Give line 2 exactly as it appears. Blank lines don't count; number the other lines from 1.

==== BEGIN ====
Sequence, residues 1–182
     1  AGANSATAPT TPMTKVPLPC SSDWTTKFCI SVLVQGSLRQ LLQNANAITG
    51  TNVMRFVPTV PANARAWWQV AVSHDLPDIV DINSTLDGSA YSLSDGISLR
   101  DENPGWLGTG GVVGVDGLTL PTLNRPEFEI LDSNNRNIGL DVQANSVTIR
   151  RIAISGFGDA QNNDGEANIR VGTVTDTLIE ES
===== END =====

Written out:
     1  AGANSATAPT TPMTKVPLPC SSDWTTKFCI SVLVQGSLRQ LLQNANAITG